Applying a user-centred approach to a Starling Kite problem

Starling Bank card

My children (aged 13 and 9) have had the new kids Starling Kite card for the last month.

The Starling Kite card allows you to allocate money into your child’s own ’space’ within your account. They are then sent a debit card that they can use to withdraw cash from a cash machine or pay in a shop with contactless or chip and pin. Starling’s idea behind Kite is to make children more responsible with their money and help them build good spending habits. 

The children really enjoy using it. I think this comes mainly from a feeling grown up and not having to worry about bringing cash. In a pandemic world, where cash is less accepted, it is a perfect solution for them. Despite the good start, we have come across a big problem.

I decided to use this problem as a little user research challenge to see how if my children also found it a problem and, if so, how they wanted to solve to the problem. I decided to get them to take part in a mini user interview. Here’s how it went:

Interview script
Interview script

The only way my children know the balance of their card is by asking me. I can view their balances in the Starling Bank app. Sometimes I text it to them just so they know for sure when going out but keeping this up to date is a little frustrating for me. From these interviews, I can conclude that both children also find this problem.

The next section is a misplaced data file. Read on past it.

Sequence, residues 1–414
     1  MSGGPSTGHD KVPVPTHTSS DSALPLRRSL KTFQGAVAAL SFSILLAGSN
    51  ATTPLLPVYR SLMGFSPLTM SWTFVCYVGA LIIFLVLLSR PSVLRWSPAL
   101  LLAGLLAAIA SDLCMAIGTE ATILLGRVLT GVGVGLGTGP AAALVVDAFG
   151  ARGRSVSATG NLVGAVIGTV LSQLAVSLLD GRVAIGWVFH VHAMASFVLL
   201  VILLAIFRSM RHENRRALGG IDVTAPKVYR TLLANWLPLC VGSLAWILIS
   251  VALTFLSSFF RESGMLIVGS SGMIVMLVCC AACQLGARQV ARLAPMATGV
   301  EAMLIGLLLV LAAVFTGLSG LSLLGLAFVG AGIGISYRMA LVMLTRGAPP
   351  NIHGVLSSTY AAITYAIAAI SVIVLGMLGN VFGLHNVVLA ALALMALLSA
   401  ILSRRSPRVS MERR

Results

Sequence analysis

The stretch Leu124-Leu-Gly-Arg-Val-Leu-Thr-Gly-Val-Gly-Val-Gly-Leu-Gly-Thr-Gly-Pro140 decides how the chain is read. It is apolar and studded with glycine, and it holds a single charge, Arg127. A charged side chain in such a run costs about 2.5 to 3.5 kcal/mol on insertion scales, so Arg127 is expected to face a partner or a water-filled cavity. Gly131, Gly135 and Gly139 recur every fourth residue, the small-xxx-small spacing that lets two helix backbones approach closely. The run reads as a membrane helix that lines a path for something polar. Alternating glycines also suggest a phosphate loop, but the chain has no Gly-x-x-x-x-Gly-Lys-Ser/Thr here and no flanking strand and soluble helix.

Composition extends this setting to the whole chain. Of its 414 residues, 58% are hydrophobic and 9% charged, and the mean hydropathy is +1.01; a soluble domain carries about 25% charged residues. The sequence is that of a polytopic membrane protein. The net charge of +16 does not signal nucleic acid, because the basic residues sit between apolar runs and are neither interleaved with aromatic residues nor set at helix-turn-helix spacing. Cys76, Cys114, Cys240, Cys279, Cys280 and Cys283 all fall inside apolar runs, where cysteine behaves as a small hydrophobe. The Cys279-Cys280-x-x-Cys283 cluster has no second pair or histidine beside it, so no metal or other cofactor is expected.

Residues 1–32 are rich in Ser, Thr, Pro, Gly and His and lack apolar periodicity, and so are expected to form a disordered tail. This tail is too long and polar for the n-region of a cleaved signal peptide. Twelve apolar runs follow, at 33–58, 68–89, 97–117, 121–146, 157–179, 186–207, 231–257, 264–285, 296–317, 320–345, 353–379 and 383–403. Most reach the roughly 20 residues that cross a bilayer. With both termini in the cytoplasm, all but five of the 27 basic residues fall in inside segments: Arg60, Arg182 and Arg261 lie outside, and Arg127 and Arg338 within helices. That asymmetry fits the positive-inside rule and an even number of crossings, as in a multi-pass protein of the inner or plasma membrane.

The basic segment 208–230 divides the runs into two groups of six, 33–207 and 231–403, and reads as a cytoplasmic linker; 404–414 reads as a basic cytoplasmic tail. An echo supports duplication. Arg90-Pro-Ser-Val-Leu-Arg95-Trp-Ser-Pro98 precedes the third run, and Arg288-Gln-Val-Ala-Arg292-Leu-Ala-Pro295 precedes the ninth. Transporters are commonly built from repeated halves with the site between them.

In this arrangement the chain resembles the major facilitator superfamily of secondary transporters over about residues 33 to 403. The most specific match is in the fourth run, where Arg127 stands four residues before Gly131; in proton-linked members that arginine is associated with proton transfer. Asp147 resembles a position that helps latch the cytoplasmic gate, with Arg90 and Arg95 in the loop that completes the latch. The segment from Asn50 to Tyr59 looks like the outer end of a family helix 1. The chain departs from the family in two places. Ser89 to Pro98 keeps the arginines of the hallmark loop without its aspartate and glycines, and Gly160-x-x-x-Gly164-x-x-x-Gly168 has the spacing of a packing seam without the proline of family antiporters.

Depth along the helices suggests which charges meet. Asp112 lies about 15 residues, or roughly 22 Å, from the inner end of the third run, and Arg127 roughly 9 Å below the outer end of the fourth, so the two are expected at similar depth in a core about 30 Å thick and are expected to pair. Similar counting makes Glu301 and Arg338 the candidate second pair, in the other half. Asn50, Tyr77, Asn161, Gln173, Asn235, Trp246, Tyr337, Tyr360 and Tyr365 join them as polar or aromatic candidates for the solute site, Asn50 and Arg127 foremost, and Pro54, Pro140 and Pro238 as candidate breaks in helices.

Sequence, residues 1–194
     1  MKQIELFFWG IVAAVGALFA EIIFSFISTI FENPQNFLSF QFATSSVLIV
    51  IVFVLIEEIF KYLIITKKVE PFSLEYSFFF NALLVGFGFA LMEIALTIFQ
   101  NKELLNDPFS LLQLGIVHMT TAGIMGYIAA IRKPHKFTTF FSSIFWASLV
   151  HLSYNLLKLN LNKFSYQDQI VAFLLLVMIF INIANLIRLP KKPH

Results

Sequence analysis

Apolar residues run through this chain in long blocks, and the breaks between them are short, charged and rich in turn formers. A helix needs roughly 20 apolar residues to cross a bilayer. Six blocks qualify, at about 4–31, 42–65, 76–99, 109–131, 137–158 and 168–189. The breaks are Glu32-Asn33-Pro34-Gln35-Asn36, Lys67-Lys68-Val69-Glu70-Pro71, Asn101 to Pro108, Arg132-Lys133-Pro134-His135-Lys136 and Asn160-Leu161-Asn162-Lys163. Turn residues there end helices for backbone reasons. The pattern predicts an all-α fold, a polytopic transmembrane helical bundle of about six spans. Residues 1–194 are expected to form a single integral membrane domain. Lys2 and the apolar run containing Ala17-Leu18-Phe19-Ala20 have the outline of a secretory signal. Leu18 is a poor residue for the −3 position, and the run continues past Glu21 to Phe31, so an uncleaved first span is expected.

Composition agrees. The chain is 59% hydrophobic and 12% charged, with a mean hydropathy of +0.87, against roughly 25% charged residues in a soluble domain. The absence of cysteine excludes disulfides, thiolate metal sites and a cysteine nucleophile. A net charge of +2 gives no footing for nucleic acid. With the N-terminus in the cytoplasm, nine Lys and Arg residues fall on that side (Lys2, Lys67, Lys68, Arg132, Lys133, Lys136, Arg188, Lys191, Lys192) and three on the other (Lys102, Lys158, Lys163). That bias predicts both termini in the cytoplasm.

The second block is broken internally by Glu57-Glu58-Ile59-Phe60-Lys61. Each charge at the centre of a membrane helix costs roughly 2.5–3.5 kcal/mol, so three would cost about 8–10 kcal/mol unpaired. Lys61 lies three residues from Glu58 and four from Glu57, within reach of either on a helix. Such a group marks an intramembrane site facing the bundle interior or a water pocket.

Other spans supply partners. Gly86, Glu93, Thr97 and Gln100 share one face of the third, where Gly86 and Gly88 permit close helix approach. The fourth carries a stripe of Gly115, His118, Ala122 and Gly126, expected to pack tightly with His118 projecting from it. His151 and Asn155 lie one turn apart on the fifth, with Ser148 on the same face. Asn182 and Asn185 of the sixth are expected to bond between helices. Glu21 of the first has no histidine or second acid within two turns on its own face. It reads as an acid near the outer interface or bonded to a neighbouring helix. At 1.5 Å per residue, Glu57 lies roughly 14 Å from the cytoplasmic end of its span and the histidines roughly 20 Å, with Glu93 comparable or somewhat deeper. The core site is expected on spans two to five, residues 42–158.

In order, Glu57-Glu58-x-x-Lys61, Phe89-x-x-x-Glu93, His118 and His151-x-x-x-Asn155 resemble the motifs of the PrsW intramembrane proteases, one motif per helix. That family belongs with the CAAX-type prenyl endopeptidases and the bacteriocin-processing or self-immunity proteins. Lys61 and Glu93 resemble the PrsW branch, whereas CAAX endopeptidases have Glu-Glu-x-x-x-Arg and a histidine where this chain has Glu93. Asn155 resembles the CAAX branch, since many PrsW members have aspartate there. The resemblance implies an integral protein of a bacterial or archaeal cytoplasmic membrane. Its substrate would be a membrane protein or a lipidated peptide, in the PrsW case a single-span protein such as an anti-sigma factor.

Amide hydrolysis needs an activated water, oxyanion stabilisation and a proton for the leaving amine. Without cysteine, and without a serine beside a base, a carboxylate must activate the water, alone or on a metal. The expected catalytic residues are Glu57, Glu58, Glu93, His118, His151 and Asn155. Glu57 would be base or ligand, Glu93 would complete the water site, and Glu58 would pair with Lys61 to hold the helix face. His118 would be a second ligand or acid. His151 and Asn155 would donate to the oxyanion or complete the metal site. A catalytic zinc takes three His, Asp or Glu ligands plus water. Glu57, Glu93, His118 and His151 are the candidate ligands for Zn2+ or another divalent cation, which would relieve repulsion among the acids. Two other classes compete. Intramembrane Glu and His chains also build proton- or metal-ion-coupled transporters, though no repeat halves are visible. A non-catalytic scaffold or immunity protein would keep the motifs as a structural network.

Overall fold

Together we set about creating a basic sketched wireframe based on the children’s needs and the current ‘adult’ Starling app. This is what we came up with:


We came up with three screens which displayed the information that the children thought was important. Their current Starling balance is the main feature that both children need. This is prominently displayed on the first and second screen.

A display of how much they had spent that week is also displayed on the first and second screen with the second going into more details. We discussed this at length. The current Starling app shows me how much I have spent each day however, the children’s spending is less frequent. We decided that a display of their weekly spend was more useful to them.

The third screen has a list of transactions so the children can see, with a quick scroll, where they have spent their money and where and when money was added to their account.

Maybe Starling could look into this further…I’d be happy to help!